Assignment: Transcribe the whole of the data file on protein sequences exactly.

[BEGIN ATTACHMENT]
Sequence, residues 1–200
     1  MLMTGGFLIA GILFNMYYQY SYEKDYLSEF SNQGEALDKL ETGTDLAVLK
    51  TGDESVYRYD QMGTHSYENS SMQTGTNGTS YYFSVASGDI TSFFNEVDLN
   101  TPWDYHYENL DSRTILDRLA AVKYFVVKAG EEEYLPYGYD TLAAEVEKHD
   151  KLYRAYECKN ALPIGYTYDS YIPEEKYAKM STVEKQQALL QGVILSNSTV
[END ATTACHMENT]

Sequence, residues 1–200
     1  MLMTGGFLIA GILFNMYYQY SYEKDYLSEF SNQGEALDKL ETGTDLAVLK
    51  TGDESVYRYD QMGTHSYENS SMQTGTNGTS YYFSVASGDI TSFFNEVDLN
   101  TPWDYHYENL DSRTILDRLA AVKYFVVKAG EEEYLPYGYD TLAAEVEKHD
   151  KLYRAYECKN ALPIGYTYDS YIPEEKYAKM STVEKQQALL QGVILSNSTV